At 3:30 pm today, May 15, the federal grand jury for the trial of Dzhokhar Tsarnaev — the younger brother involved in the 2013 Boston Marathon bombing — handed down its verdict: Tsarnaev has been given the death penalty, The New York Times reported. Looking at the chart for the decision, however, Mercury and the Moon make it clear this story is not over.
The jury of seven women and five men convicted Tsarnaev, 21, of all 30 charges against him last month. Seventeen of those charges carry the death penalty — despite the fact that Massachusetts, where the trial has taken place and where the jurors live, has no death penalty for state crimes.
Federal law supersedes state law in a federal case; that said, the Times and others have made the point that, in this sense, the state was therefore not represented.
Polls also show Massachusetts residents overwhelmingly prefer life in prison for Tsarnaev, though generally not on humanitarian grounds: some see life in prison as much worse than death for the 21-year-old; others fear execution would make him a martyr.
Regardless of state law and public opinion, jurors had to be willing to impose the death penalty (be “death qualified”) in order to be chosen for the jury — an ironic twist on the concept of ‘justice’ represented by the early Libra ascendant for the verdict.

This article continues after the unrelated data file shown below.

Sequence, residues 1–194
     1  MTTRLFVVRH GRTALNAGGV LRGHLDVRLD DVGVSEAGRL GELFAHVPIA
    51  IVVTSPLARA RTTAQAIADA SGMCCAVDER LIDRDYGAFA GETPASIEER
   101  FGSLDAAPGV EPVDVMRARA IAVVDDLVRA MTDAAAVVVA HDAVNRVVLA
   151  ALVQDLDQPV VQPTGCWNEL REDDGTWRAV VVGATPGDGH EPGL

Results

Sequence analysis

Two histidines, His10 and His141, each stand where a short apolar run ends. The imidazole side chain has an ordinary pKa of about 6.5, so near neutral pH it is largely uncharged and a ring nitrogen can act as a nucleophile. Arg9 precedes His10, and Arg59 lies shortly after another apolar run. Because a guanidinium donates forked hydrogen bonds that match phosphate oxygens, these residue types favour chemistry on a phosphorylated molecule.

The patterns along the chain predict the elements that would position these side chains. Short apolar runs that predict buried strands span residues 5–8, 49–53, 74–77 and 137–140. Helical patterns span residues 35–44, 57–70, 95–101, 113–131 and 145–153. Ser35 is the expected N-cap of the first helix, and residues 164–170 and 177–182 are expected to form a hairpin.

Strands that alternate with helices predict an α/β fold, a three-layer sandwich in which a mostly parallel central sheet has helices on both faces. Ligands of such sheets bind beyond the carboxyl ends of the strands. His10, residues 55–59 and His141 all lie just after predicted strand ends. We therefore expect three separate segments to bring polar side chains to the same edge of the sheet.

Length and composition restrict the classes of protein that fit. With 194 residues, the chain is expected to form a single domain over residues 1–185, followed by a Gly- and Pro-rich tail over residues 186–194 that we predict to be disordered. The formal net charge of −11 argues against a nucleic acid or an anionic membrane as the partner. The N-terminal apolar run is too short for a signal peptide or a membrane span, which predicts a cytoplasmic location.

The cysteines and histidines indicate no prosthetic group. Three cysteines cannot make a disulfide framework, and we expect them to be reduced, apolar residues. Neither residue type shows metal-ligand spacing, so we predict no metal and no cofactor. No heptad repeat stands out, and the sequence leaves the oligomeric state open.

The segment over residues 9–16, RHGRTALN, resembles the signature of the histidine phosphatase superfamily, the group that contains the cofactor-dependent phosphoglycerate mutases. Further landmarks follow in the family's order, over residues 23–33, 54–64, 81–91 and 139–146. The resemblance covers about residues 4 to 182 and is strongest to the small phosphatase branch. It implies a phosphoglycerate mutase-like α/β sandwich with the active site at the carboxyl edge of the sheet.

Yet as mentioned, what really stands out in the chart are two things: one, Mercury is about to station retrograde in Gemini, a sign known for ‘two sides of the story’; two, the Moon in late Aries is officially Void of Course (VOC), using traditional methods. That is, it is not going to make any major angles to major or traditional planets before it leaves the sign it is in.
Mercury about to station is as about as close as astrology gets to a guarantee that the story (in this case, Tsarnaev’s sentence) will change directions, probably at least twice. Supporting that image of Mercury traveling back and forth is that federal death penalty cases have a long history of being appealed for years, even decades.
Adding to the likelihood of a long appeals process, Tsarnaev’s defense lawyer is Judy Clarke, who rarely loses. Clarke’s famous (or infamous) former clients include Theodore J. Kaczynski, the Unabomber; Eric Rudolph, the Olympic Park bomber; and Jared L. Loughner, who killed six people in an assassination attempt on Representative Gabrielle Giffords.
Defendants sentenced to death in federal cases also have a history of rarely actually being executed. According to the same Times article:
“Of the 80 federal defendants sentenced to death since 1988, only three, including Timothy J. McVeigh, the Oklahoma City bomber, have been executed. Most cases are still tied up in appeal. In the rest, the sentences were vacated or the defendants died or committed suicide.”
It could be this is what the VOC Moon is indicating: the sentence might never come to pass — at least, not as it has been declared. Time will tell.